In Zielonka (1981a, 1989), I found an axiomatics for the product-free calculus L of Lambek whose only rule is the cut rule. Following Buszkowski (1987), we shall call such an axiomatics linear. It was proved that there is no finite axiomatics of that kind. In Lambek's original version of the calculus (cf. Lambek, 1958), sequent antecedents are non empty. By dropping this restriction, we obtain the variant L 0 of L. This modification, introduced in the early 1980s (see, (...)
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  22. Wojciech Zielonka (2000). Cut-Rule Axiomatization of the Syntactic Calculus NL. Journal of Logic, Language and Information 9 (3):339-352.score: 24.0
    An axiomatics of the product-free syntactic calculus L ofLambek has been presented whose only rule is the cut rule. It was alsoproved that there is no finite axiomatics of that kind. The proofs weresubsequently simplified. Analogous results for the nonassociativevariant NL of L were obtained by Kandulski. InLambek's original version of the calculus, sequent antecedents arerequired to be nonempty. By removing this restriction, we obtain theextensions L 0 and NL 0 ofL and NL, respectively. Later, the finiteaxiomatization problem (...)
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  23. Hajnal Andréka & Szabolcs Mikulás (1994). Lambek Calculus and its Relational Semantics: Completeness and Incompleteness. [REVIEW] Journal of Logic, Language and Information 3 (1):1-37.score: 24.0
    The problem of whether Lambek Calculus is complete with respect to (w.r.t.) relational semantics, has been raised several times, cf. van Benthem (1989a) and van Benthem (1991). In this paper, we show that the answer is in the affirmative. More precisely, we will prove that that version of the Lambek Calculus which does not use the empty sequence is strongly complete w.r.t. those relational Kripke-models where the set of possible worlds,W, is a transitive binary relation, while that version (...)
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  24. Michael Kaminski & Nissim Francez (2014). Relational Semantics of the Lambek Calculus Extended with Classical Propositional Logic. Studia Logica 102 (3):479-497.score: 24.0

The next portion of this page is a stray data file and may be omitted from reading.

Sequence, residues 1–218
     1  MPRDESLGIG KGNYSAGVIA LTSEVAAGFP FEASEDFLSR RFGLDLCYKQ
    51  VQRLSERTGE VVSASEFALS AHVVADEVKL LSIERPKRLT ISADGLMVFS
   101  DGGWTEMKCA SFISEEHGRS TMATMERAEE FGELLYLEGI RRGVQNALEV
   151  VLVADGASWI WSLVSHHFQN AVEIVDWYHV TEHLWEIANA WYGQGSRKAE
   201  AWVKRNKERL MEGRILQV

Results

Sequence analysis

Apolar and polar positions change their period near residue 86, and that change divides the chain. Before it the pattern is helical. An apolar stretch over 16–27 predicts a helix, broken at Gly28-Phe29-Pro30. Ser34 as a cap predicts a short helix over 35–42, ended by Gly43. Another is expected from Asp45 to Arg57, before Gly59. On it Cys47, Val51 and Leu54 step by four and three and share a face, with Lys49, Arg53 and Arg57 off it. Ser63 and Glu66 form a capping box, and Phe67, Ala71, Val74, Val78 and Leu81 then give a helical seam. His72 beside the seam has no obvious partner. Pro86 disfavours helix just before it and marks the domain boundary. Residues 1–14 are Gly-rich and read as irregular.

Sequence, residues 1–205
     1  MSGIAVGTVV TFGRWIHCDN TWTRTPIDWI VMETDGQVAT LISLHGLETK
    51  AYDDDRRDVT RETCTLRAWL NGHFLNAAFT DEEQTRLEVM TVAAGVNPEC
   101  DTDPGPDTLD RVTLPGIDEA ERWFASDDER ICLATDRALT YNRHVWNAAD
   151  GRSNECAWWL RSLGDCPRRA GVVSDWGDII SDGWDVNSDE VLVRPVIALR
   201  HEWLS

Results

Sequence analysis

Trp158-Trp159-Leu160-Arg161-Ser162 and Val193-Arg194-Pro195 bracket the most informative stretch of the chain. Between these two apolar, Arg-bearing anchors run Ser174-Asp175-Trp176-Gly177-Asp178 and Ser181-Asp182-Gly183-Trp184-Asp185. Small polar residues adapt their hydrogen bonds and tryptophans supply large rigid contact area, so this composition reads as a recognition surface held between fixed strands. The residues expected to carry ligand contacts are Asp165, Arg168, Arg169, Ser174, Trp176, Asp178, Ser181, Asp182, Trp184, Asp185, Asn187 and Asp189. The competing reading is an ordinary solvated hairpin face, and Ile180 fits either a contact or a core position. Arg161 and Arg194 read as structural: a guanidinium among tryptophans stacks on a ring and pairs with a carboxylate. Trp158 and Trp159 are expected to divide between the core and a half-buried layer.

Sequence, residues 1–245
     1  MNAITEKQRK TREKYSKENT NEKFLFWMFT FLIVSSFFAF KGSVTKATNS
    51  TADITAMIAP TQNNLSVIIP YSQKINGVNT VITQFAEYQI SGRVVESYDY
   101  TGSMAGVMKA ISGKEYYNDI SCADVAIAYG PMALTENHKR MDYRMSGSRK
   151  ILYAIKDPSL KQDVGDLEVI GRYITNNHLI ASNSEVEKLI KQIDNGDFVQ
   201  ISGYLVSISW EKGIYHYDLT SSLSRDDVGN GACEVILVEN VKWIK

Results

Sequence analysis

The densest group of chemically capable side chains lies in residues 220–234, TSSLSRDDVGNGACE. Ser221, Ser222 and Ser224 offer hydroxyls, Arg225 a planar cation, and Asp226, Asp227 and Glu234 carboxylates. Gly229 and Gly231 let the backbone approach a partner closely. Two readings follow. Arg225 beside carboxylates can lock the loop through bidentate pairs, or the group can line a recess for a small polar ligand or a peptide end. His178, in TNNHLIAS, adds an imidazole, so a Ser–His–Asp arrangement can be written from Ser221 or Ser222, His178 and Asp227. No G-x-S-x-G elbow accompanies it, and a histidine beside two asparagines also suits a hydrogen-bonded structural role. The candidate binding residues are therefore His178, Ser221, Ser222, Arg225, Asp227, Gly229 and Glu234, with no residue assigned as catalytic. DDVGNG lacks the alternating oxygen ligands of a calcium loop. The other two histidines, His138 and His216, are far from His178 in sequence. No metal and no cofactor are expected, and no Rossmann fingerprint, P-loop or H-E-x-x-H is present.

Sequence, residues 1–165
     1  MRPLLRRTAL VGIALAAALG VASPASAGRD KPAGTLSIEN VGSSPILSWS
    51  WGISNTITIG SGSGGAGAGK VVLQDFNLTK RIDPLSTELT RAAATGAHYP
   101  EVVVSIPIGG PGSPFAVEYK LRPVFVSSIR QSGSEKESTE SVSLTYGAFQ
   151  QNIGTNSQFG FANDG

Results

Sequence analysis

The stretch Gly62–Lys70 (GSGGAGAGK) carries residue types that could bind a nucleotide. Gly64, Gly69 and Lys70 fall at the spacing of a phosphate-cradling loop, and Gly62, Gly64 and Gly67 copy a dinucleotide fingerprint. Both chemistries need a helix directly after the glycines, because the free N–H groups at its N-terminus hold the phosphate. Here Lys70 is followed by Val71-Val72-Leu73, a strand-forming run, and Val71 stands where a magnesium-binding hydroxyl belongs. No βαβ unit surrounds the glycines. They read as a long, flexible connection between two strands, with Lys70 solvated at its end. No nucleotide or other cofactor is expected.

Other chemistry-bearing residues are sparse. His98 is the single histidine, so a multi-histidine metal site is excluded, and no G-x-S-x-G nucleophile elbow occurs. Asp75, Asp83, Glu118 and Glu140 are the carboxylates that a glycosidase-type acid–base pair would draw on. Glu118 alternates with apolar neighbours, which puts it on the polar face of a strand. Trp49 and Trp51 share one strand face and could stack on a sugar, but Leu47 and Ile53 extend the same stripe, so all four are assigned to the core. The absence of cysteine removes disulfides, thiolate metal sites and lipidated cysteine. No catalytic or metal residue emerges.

We show that the relational semantics of the Lambek calculus, both nonassociative and associative, is also sound and complete for its extension with classical propositional logic. Then, using filtrations, we obtain the finite model property for the nonassociative Lambek calculus extended with classical propositional logic.
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  25. Makoto Kanazawa (1992). The Lambek Calculus Enriched with Additional Connectives. Journal of Logic, Language and Information 1 (2):141-171.score: 24.0
    Some formal properties of enriched systems of Lambek calculus with analogues of conjunction and disjunction are investigated. In particular, it is proved that the class of languages recognizable by the Lambek calculus with added intersective conjunction properly includes the class of finite intersections of context-free languages.
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  26. Karim Nour (2002). Non Deterministic Classical Logic: The $Lambdamu^{++}$-Calculus. Mathematical Logic Quarterly 48 (3):357-366.score: 24.0
    In this paper, we present an extension of $lambdamu$-calculus called $lambdamu^{++}$-calculus which has the following properties: subject reduction, strong normalization, unicity of the representation of data and thus confluence only on data types. This calculus allows also to program the parallel-or.
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  27. Michael Gabbay (2011). A Proof-Theoretic Treatment of Λ-Reduction with Cut-Elimination: Λ-Calculus as a Logic Programming Language. Journal of Symbolic Logic 76 (2):673 - 699.score: 24.0
    We build on an existing a term-sequent logic for the λ-calculus. We formulate a general sequent system that fully integrates αβη-reductions between untyped λ-terms into first order logic. We prove a cut-elimination result and then offer an application of cut-elimination by giving a notion of uniform proof for λ-terms. We suggest how this allows us to view the calculus of untyped αβ-reductions as a logic programming language (as well as a functional programming language, as it is traditionally seen).
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  28. Giorgi Japaridze (2013). The Taming of Recurrences in Computability Logic Through Cirquent Calculus, Part I. Archive for Mathematical Logic 52 (1-2):173-212.score: 24.0